Fabre also includes portions of two of the saint’s other best-known poems: “Love’s Living Flame” and “Spiritual Canticle.” Into these poems St. John incorporated personal experiences of imprisonment and escape that arose from persecution for his beliefs and writings. These nuances become prophetically paralleled to the events occurring to his body after death while handled by the bailiff and his assistants.
Those two assistants, Ferrán and Diego, serve as the comedic core of the novel, hapless and bumbling men of varying intelligence trying to earn some pay in what is supposed to be a simple job, but which instead constantly provokes them with inexplicable happenings and reminding them of their powerless and ignorant existence. Yet even amid mystifying wonder, they ironically resign themselves to experiencing joy in the mundane and lewd, whether taking a relieving piss “beneath the indifferent sky” or conversing in innuendo: “Why so surprised, ninny? Nuns are famous for their talent at threading the needle. They like their asparagus as much as the next lass.”
Fabre utilizes these two in a theatrical manner inspired by absurdist, existential works like Stoppard’s Rosencrantz and Guildenstern Are Dead or Beckett’s Waiting for Godot. Through their antics (along with the bailiff as more of a straight man), Fabre explores the theme of blindness/seeing and the way that language, through a few lines of verse, can make profound revelations that stretch across time and circumstances, even amid confusion in the dark.
“Do you believe that blind man was really an angel in disguise?” Diego asked his companion.
“But you do remember what he said?”
“About how when he looked into the waters of the fount he saw the face of the fable of the other sketched upon it.”
“You remember it not?”
“He said it not.”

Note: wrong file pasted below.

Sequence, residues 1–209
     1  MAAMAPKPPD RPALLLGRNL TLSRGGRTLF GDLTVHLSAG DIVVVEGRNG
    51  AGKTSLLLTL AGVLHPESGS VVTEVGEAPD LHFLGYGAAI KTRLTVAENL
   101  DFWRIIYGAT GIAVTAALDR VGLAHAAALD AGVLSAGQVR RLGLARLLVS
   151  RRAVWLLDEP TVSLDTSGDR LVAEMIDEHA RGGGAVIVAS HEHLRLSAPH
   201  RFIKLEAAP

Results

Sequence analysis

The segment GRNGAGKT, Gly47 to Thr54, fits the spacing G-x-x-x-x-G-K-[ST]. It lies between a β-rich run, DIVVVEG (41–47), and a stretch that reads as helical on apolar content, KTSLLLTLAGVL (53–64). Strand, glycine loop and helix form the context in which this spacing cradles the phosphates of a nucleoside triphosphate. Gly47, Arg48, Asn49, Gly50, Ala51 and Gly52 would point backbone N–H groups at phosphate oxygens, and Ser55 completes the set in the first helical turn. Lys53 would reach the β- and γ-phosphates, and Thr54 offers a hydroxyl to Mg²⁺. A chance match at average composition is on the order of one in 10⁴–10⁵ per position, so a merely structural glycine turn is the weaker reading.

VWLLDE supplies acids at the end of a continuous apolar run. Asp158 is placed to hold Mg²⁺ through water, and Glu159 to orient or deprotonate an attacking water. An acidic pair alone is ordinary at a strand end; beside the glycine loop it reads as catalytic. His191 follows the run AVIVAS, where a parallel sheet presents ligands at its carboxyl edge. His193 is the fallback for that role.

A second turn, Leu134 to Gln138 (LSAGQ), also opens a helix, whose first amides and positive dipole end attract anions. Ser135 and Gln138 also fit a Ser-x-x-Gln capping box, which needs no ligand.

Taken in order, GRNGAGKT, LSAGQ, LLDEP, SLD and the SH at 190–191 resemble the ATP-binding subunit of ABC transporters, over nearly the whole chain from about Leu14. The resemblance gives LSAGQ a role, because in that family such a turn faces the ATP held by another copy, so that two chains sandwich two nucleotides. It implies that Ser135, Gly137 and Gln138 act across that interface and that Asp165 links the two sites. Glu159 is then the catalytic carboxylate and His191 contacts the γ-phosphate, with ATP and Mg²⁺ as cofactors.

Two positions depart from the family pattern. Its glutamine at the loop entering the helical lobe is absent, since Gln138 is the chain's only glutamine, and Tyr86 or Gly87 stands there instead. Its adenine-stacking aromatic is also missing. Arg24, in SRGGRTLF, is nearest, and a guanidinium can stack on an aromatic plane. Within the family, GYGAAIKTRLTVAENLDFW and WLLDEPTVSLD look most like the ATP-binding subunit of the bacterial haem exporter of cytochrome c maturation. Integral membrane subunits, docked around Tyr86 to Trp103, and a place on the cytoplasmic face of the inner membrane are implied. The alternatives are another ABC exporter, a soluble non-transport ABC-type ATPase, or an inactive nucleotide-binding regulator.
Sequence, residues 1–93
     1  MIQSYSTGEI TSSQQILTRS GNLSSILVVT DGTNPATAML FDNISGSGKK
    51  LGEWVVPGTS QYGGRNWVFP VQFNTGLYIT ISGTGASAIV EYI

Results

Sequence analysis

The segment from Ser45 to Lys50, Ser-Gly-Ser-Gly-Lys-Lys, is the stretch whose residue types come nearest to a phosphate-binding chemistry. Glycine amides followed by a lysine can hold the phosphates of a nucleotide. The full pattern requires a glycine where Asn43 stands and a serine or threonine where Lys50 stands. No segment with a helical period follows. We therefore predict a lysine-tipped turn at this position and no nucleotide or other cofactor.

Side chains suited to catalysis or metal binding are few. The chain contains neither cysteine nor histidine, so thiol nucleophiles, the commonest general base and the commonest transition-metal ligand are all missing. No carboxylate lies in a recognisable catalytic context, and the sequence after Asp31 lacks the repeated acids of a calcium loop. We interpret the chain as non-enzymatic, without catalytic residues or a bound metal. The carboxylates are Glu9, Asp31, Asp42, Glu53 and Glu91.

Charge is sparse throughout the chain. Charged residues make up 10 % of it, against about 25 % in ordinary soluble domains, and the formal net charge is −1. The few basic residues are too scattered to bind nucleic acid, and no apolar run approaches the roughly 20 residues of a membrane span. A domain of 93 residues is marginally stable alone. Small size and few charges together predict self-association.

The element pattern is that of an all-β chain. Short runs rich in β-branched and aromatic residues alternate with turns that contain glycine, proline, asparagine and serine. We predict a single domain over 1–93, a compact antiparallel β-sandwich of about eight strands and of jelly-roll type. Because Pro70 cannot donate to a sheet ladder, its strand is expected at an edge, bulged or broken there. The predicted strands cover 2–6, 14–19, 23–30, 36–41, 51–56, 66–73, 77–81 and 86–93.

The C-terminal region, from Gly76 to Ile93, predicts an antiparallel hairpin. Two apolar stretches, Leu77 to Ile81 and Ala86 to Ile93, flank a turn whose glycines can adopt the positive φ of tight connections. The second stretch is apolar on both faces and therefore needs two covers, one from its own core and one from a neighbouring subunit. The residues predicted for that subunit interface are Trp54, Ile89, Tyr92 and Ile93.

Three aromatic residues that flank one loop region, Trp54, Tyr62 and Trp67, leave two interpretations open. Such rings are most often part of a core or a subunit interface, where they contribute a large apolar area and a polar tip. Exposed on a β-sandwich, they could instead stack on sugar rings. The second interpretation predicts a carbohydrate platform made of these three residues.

“That was not what he said.”
“What did he say, then?”
“Gibberish unworthy of our remembrance is what he said,” said Ferrán.
And so the comedic, repetitive exchange of confusion continues, a mirror echoing an image that eventually shatters in a coming-of-age moment for the characters. A similar scene of theatricality revolving around blindness starts the novel, but here Fabre adds allusion to the myth of Narcissus. It is not the only Greek myth of vanity the story revives. The characters also parody the story of the Golden Apple of Discord during a spontaneous mock beauty pageant. With this Fabre ties together themes from the Song of Songs with the discourses of Proverbs: “all is vanity.” The direct use of theater or evocation of its spirit also cleverly reflects the merging of sacred and profane inherent to the art form, a type of communal worship that imparts morals while also entertaining.
Though short and structured simply, there is a profound complexity to Fabre’s Recital of the Dark Verses, one that evokes reader emotion and reflection throughout, whether a fan of poetry or not. Moreover, it contains a complexity of language to match the paradoxes of its themes. Flowery with moments of vulgarity, lyrical with moments of chaotic frenzy, the original Spanish must be difficult to translate straightforwardly into English. Translator Heather Cleary does a remarkable job letting Fabre’s brilliance and voice through, and her insightful introduction to the novel is integral to readers placing Recital of the Dark Verses into proper context, particularly if one is not familiar with St. John of the Cross, his work, and his history. I sincerely hope that Fabre writes further novels, and that Cleary will be there to English them so well.
Daniel P. Haeusser